A Warning to be Heeded — Or Ignored

Today’s New York Times contained an article discussing the alarming similarities between today’s economic situation in the U.S. and the situation in Japan in the late 1990s.  Here’s the link:

http://www.nytimes.com/2010/10/30/world/asia/30japan.html

To put the article in a nutshell, in the late 1990s, just as Japan was crawling out of a severe recession brought on by an economic “bubble”, the Japanese government decided that the country’s ballooning deficit needed to be brought under control.  Consequently, the government enacted a tax increase (from 3%  to 5% in their national consumption tax) to bring in additional revenue.  The result, however, was to decrease the nation’s money supply and slam the door on economic recovery.  Here’s a direct link to a graph that shows what happened to the Japanese CPI as a result:

http://www.nytimes.com/imagepages/2010/10/30/world/30japan-graf01.html?ref=asia

Essentially, the decrease in money supply led to a deflationary spiral that took years to pull out of.   Even today, more than ten years later, Japan is still suffering from anemic growth.  (Of course, the recession that began in 2008 didn’t help matters, but you’ll note that the graph only goes up to 2007, when the rest of the world was still experiencing boom-like expansion.)

What’s the relevance to the U.S.?  The current election portends an increase in Republican political power, with most observers predicting that the Republicans are poised to take over control of the House, if not the Senate as well.  Part of the Republican mantra is the prime importance of decreasing the size of the federal deficit.  While Republicans don’t propose to increase taxes — quite to the contrary, they propose to extend all of the Bush tax cuts indefinitely; they do propose to dramatically decrease federal spending, primarily by eliminating spending on federal social programs.  The reduction in federal $$ pumping into the economy will have a similar effect to a tax increase.  It will decrease the size of the money supply.  With less money available, there will be less demand for goods, and consequently prices will fall — deflation.  In short, the Republican economic strategy appears likely to result in a variation on Japan’s economic mistakes of the 1990s.  It’s possible that by 2012, when Obama is up for re-election, the stupidity of this policy will have become apparent enough that the public will repudiate the Republicans, re-electing Obama and restoring a Democratic majority in both houses.  It’s even possible that repudiation will be intense enough that it will give the Democrats a filibuster-proof majority and perhaps eliminate some of the Democrats-in-Name-Only who currently side with Republicans in obstructing Obama’s legislative agenda.  Even so, the U.S. will have lost two years of growth, as well as continuing back-asswards environmental policies at a time when that can be ill-afforded.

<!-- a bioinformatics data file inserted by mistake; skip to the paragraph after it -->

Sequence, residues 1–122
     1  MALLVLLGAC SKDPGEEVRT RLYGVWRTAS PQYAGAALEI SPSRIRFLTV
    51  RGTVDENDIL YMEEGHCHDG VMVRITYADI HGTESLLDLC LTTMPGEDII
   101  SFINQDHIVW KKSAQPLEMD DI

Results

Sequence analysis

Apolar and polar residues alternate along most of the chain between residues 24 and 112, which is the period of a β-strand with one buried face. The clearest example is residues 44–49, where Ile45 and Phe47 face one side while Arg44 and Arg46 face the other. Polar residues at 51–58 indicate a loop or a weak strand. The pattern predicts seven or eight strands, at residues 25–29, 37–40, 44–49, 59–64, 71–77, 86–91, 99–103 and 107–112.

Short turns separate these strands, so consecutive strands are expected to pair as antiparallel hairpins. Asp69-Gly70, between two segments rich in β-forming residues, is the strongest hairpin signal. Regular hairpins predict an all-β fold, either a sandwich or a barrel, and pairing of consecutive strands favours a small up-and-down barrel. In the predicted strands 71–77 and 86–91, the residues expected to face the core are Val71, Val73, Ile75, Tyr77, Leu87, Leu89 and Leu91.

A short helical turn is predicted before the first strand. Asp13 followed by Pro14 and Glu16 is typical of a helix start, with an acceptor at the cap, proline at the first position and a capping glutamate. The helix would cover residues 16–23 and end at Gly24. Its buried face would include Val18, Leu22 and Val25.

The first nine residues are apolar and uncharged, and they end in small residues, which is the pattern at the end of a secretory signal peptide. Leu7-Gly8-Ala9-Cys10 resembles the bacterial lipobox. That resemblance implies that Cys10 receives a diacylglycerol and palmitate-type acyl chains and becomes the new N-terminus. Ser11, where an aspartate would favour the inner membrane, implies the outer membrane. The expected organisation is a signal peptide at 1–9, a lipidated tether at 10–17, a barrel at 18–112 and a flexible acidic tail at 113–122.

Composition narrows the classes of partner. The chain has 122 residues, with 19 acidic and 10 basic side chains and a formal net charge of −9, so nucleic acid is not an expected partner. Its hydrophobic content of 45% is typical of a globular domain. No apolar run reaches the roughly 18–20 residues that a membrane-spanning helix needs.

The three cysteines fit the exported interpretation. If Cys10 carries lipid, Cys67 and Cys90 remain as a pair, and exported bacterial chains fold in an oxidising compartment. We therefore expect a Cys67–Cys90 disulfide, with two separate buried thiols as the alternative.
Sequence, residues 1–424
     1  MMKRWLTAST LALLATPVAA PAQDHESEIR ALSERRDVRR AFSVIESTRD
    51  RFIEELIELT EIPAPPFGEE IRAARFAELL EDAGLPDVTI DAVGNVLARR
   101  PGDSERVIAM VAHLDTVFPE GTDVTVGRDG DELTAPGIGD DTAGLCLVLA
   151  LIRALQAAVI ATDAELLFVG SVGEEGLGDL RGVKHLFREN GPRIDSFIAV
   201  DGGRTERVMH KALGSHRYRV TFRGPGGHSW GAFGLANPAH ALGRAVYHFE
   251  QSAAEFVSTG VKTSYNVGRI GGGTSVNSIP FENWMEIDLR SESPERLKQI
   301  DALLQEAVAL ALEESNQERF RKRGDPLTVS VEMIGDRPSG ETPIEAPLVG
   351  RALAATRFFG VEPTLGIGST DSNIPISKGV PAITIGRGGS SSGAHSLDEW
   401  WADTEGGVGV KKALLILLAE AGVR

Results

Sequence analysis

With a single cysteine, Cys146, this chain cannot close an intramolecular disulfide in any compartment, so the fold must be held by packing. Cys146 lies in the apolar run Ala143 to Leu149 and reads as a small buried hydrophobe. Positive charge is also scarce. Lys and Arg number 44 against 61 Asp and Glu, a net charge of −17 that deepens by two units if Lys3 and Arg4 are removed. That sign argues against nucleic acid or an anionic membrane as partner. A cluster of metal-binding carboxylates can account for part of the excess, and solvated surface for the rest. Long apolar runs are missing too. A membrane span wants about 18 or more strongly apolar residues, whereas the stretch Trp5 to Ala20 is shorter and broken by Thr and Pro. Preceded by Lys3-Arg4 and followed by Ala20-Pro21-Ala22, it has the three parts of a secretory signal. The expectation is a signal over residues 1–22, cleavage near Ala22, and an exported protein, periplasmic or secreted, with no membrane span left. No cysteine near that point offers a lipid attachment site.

Even worse, however, it’s possible that by 2012 the American public still won’t “get it” and will elect a Republican president and congress in the hope that further reducing the deficit will prove to be a cure-all.  (Americans have always loved magical thinking.)  If that happens, we can look forward to repeating Japan’s mistake in spades, and perhaps dropping off the first tier of world economic powers, to be replaced in all likelihood by China and India.

To look at the bright side, we probably will no longer be able to enforce the “Pax Americana” and there may be a little less warfare in the world overall.  Have a nice day!!

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